This past August, Mike Akiki (MBA, 2018) flew into JFK for the first time. He’d come as a scholar with the Bobst Lebanon Scholars Program—which sends one MBA student to study at NYU’s Stern School of business each semester—intent on bringing himself up to speed in the ever-evolving field of financial technology. And what better place to do that than New York City, the global capital for financial innovation, where bankers design products so abstract that the term ‘underlying asset’ becomes meaningless!
Before he arrived at NYU, Akiki had been a student at AUB’s Olayan School of Business, and before that, an electrical engineer at a struggling construction firm. Business school was, for Akiki, a way to hit the reset button on a stalling career.
Coming to New York, to NYU, from the small skiing village of Faraya in Mount Lebanon where he lived with his parents, has been eye-opening. “I’ve met so many different kinds of people, which has been great. Since I’m more introverted I wanted to get out of my comfort zone,” Akiki says. And he has, attending events at NYU’s Latin Society, and enjoying the Greenwich village nightlife.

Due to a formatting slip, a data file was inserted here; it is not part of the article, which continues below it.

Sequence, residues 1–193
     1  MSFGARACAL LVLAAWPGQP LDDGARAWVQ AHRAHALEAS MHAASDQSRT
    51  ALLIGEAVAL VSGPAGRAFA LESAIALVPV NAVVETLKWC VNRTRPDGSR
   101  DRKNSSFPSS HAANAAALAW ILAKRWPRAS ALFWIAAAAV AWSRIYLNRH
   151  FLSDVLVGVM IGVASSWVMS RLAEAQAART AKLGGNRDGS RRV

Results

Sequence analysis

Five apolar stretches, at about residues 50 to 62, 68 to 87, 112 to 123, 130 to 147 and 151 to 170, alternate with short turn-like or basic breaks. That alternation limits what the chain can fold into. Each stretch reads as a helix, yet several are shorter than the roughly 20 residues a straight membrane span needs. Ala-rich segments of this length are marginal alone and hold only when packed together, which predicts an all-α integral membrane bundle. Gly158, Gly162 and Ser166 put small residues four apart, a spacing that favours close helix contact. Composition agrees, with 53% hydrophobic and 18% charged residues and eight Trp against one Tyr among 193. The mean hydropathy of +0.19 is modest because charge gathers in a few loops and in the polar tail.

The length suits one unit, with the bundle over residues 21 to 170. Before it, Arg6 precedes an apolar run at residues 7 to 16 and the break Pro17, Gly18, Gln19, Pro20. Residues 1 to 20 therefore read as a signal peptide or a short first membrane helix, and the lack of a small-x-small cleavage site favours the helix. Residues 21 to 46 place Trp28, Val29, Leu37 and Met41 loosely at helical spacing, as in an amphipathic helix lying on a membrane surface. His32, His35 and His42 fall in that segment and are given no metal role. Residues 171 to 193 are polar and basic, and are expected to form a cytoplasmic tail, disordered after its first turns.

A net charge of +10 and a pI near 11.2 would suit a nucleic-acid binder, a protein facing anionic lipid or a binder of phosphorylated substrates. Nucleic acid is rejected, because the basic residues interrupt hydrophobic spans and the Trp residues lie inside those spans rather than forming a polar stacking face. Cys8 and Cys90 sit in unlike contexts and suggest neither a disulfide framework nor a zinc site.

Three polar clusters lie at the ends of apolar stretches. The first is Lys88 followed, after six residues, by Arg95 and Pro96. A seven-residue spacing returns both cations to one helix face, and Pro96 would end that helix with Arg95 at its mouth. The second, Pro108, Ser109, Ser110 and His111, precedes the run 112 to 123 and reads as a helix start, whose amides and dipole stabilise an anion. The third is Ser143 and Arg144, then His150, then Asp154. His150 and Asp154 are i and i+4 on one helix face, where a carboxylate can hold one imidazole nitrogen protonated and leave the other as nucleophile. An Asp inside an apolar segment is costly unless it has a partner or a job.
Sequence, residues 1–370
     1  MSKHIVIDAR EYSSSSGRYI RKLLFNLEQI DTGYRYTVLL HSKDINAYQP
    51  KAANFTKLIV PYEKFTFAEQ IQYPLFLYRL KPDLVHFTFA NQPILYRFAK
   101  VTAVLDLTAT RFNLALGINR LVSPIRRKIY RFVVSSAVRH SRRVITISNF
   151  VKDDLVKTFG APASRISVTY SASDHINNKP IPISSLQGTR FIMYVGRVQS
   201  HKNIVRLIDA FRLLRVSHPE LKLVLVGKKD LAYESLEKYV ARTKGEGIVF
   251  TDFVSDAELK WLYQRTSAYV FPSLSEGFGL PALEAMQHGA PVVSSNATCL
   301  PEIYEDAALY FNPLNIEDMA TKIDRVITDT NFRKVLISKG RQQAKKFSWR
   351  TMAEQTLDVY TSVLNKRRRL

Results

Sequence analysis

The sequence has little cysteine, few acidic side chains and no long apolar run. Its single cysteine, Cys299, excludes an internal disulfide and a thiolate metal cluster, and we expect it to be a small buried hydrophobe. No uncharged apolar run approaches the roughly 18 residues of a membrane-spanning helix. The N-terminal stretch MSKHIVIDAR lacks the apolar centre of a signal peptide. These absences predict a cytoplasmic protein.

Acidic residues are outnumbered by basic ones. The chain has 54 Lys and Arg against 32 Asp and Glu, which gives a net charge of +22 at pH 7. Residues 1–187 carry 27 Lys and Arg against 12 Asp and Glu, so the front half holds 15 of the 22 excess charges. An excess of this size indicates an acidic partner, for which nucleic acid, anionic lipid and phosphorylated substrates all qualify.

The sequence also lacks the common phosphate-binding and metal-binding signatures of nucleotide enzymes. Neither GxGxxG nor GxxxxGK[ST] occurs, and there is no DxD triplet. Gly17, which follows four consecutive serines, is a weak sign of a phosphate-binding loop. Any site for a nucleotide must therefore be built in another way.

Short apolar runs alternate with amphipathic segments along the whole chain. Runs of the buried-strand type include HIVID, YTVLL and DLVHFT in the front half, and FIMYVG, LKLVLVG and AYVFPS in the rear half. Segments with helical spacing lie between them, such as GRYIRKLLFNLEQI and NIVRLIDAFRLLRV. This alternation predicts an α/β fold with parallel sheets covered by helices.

Anonymity, he says, has been among his greatest joys. “I really felt the meaning of freedom. I don’t know how to explain it. People don’t care about what you wear or what you do here. They give you your space to do whatever you want.”
In class, under the tutelage of instructors like Roger M. Stein, a Research Affiliate at the MIT Laboratory for Financial Engineering, he’s learned to use sophisticated models that can predict the likelihood of loan default, and even built his own, using the statistical program R.
He’d love to put what he learned into practice at a US bank, but for visa issues. “They file H1B cases in April, so the timing doesn’t work. If it did work, I’d love to stay here.” Instead, he plans to return to Lebanon and apply for work at a financial firm in the Gulf, “likely the UAE.”
In the meantime, he’s enjoying the city’s eclectic cuisine, “especially Indian and Mexican,” touring the island on foot, boat, bike, and succeeding wildly in his personal goal of escaping his “comfort zone.